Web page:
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Parents and babies play and reading session at Logan Library

10 reasons to share a visit to the library with your little one

24 January 2022 | State Library of Queensland

Have you ever weighed up the pros and cons of taking your baby or young child to a library? Perhaps you think they’re too young, or that it’s better to wait until they can read and write. Maybe you’re worried they’ll make too much noise, tear every book page in sight, treat the place like a jungle gym, or simply won’t be interested in what’s going on there.

Fear not, families! We’re here to assure you that Queensland’s public libraries and Indigenous Knowledge Centres are the perfect places to enjoy with young children, with guaranteed fun to be had by all. Here’s 10 reasons why.

1. Warm, welcoming spaces

Gone are the days of the quiet, cold storehouse of books, and you certainly won’t find librarians hissing ‘shhh!’ anymore. Today’s libraries and Indigenous Knowledge Centres are modern, inclusive hubs for all to enjoy. Many libraries offer engaging spaces for young children – and some are even dedicated entirely to children! So rest assured, your family will be welcomed with open arms.

2. Foster a lifelong love of learning

Your local public library or Indigenous Knowledge Centre is a hive of information and creativity for all ages. Libraries cater for almost every interest, hobby, and burning question your little one might have. If your library doesn’t have what you’re looking for, it’s highly likely you can have it transferred from another library or access it using your library’s online resources.   

3. A world of pure imagination

Apart from their many cognitive benefits, reading books can expand your world in plenty of other ways. They offer portals into real and imaginary worlds; can teleport you to any time in history – past or future; and welcome you into the lives and minds of other people, animals, creatures and cultures. If you think that’s pretty neat, imagine how amazing this is in the eyes of your child!

Parents and babies clapping and laughing

4. Fun activities from birth

Most Queensland libraries and Indigenous Knowledge Centres run regular free First 5 Forever Baby Play, Rhyme Time, and Story Time sessions for families with children aged 0-5. These sessions will have you singing, playing and moving with your little ones, and aim to empower you to try the new things you learn during these sessions at home. Best of all, you don’t even need to be a library member to attend.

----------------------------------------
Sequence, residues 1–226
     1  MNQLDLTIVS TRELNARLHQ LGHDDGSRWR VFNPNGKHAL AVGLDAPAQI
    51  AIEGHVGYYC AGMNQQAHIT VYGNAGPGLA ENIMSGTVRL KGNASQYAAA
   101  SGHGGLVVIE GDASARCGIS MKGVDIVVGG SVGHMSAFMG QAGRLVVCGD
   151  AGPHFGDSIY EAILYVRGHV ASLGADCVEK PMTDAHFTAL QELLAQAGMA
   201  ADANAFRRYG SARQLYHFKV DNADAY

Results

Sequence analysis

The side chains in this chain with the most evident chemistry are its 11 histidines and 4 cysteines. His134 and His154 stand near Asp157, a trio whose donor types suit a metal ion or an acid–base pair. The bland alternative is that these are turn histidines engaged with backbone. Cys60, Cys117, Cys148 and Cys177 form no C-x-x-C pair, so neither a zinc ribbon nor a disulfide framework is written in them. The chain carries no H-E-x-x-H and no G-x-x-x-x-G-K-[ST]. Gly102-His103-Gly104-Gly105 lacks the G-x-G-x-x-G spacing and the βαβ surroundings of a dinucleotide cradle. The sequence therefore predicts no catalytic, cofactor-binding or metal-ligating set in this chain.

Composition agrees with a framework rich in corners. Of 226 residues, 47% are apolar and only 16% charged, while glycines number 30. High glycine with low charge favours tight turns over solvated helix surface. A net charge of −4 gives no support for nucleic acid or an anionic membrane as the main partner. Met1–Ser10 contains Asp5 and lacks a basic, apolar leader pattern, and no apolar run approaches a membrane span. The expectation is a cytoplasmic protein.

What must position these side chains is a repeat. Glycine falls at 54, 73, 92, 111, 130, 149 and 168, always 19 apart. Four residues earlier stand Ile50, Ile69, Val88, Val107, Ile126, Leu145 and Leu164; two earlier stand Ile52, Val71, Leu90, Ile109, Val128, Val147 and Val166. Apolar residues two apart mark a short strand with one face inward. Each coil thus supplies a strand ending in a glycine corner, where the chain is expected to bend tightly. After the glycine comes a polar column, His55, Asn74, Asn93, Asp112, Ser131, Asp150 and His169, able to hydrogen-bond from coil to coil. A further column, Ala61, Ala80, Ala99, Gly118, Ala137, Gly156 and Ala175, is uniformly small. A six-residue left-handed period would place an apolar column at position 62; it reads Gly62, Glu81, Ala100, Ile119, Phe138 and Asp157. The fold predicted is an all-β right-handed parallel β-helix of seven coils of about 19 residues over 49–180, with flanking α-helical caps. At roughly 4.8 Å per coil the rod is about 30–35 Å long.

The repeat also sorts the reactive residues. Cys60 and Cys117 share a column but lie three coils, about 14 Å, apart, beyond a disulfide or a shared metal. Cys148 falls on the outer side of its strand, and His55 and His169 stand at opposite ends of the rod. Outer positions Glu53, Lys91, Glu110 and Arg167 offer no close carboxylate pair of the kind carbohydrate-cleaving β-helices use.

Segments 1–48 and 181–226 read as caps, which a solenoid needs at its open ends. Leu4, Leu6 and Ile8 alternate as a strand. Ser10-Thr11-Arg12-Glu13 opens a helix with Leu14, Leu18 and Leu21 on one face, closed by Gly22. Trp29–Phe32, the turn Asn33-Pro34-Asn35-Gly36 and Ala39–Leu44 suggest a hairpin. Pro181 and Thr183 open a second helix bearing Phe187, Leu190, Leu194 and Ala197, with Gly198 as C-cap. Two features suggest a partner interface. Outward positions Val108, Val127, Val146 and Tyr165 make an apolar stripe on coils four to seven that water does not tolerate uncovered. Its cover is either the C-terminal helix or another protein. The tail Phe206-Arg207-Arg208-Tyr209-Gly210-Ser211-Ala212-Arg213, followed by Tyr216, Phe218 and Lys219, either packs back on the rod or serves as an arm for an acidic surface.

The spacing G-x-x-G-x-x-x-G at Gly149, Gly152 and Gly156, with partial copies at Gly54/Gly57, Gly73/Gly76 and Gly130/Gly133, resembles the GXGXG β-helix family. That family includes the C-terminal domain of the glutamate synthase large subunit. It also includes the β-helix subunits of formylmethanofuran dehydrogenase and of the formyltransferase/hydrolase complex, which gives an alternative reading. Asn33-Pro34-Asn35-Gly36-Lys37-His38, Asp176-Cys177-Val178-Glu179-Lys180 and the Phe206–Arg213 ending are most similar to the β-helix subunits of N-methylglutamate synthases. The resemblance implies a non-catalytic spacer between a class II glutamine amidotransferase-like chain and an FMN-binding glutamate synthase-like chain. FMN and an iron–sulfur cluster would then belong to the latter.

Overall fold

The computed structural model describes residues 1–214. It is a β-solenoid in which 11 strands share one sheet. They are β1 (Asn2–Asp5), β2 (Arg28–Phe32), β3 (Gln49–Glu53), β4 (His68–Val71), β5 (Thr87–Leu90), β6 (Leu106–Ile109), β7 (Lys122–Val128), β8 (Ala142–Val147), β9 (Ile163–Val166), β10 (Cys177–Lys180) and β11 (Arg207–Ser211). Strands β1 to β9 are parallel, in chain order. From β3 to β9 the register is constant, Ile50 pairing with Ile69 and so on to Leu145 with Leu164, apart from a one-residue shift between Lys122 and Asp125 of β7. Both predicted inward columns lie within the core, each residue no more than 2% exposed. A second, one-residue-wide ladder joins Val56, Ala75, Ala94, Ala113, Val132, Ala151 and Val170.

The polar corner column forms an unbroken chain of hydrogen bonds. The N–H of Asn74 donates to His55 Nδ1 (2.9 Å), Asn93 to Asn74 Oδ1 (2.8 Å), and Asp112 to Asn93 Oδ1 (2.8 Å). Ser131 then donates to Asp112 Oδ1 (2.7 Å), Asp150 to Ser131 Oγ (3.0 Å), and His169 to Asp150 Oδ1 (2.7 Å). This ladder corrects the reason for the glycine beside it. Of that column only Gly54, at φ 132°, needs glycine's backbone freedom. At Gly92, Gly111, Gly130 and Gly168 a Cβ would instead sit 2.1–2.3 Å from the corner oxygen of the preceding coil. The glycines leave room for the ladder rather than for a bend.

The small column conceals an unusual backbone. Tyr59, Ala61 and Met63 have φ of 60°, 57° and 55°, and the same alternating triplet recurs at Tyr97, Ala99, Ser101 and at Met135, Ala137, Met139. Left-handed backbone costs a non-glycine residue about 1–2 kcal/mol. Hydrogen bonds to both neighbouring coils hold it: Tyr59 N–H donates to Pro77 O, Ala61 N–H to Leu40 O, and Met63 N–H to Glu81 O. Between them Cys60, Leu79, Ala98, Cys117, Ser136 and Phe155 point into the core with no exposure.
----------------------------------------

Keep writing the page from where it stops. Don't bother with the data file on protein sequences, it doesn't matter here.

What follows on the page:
5. The perfect sanctuary

Many would agree that while Queensland is Australia’s most beautiful state (we’re a tad biased), it also gives us some unpredictable weather. Are you looking for a cool, shady way to spend a blisteringly hot day? Maybe you need to shake off cabin fever when it’s been raining for the past week? Rain, hail or shine, your local library and Indigenous Knowledge Centre is the perfect escape for the whole family.

6. A special outing with your child

Do you remember the excitement of going to the library, choosing the books you wanted to borrow, filling out the checkout card inside, and then going home to read your bounty? This experience transcends generations (although checkout cards have changed a bit over the years). Plan a special outing with your little one – they’ll get to experience your childhood favourites, and you’ll get to forge new ones together.

7. Get a head start

Your baby was born ready to learn, and it’s never too early to start reading, playing, singing, and talking with them. As massive literacy enthusiasts, librarians are here to help you with simple, daily, age-appropriate activities to share with your child during this pivotal time in their development. Hot tip: attending a First 5 Forever session is a great way to supercharge your knowledge bank!

Story Time in The Corner, State Library of Queensland

8. There's more to it

We all know how great books are, but did you know that many libraries also offer access to movies, video games, music, magazines, newspapers, e-books, and more? While your little one picks which bedtime stories to take home, you can dive into the vast collections on offer both in-person and online.

9. Community connection

The benefits of engaging with your community are numerous. Libraries and Indigenous Knowledge Centres are safe spaces that bring people from all backgrounds together, so your little ones will benefit from the enriching social connections they develop from their visits, while building their sense of belonging.

10. The best things in life are free

That’s right – joining your local public library or Indigenous Knowledge Centre costs you zilch. Membership gives your family access to a wealth of collections, services and programs. Babies as young as one day old can join and even have their own library card! Before joining, make sure you check your local library’s requirements for proof of identification and address.


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